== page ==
Cortical direct current stimulation improves signal transmission between the motor cortices of rats.
Transcranial direct current (DC) stimulation is a noninvasive brain stimulation technique that is now widely used to improve motor and cognitive function. The neuromodulatory effects of DC is considered to extend to nearby as well as remote brain areas from the site of stimulation because of current flowing into the brain and/or signal transmission in neuronal networks. However, the effects of DC on cortico-cortical neuronal transmission are not well known. In the present study, we focused on signal transmission from the primary (M1) to secondary (M2) motor cortex of rats. Intra-cortical microstimulation (ICMS) was applied to the M1 under DC conditions, and changes in synaptic activity in the M2 were examined using current-source density analyses. The synaptic input to the M2 superficial layers was enhanced during DC stimulation, while the synaptic input to the M2 deeper layers was increased after DC stimulation. These results suggest that DC stimulation improves cortico-cortical neuronal transmission from M1 to M2, and that the effectiveness of DC may be different among different projection neuron types in the M1.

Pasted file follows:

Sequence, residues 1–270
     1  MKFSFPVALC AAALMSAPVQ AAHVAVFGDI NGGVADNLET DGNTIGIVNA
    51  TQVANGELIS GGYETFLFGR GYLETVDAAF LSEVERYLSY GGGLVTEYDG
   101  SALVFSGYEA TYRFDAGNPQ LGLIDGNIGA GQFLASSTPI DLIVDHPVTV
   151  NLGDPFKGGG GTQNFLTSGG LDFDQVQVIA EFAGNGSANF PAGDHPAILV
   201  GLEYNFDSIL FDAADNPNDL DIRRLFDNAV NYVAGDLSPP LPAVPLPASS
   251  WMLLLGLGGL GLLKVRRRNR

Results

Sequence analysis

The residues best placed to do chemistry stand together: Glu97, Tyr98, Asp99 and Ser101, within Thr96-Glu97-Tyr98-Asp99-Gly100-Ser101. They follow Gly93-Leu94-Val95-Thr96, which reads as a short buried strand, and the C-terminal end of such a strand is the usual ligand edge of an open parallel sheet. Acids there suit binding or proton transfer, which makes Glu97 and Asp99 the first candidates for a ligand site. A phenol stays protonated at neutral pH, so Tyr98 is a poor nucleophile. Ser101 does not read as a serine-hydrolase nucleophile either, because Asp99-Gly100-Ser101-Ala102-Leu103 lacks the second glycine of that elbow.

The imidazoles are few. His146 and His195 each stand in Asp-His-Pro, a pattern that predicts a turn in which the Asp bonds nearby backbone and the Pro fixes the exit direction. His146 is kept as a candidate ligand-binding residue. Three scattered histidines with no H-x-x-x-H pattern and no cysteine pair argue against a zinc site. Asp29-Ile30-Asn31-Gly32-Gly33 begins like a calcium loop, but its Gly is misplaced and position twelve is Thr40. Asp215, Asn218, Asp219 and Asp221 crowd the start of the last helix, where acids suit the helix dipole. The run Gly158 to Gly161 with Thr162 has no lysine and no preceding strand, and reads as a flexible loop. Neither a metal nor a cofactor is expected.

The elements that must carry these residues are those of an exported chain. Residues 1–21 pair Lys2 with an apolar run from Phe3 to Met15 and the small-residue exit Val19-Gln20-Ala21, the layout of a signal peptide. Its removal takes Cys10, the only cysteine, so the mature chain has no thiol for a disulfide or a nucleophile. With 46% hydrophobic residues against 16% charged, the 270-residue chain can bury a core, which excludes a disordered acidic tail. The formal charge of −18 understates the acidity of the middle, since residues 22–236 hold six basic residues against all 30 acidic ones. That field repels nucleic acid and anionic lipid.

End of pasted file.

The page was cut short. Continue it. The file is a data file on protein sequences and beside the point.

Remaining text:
PMID: 33171210 [PubMed – as supplied by publisher]
Neurosci Lett. 2020 Nov 07;:135492
Authors: Kunori N, Takashima I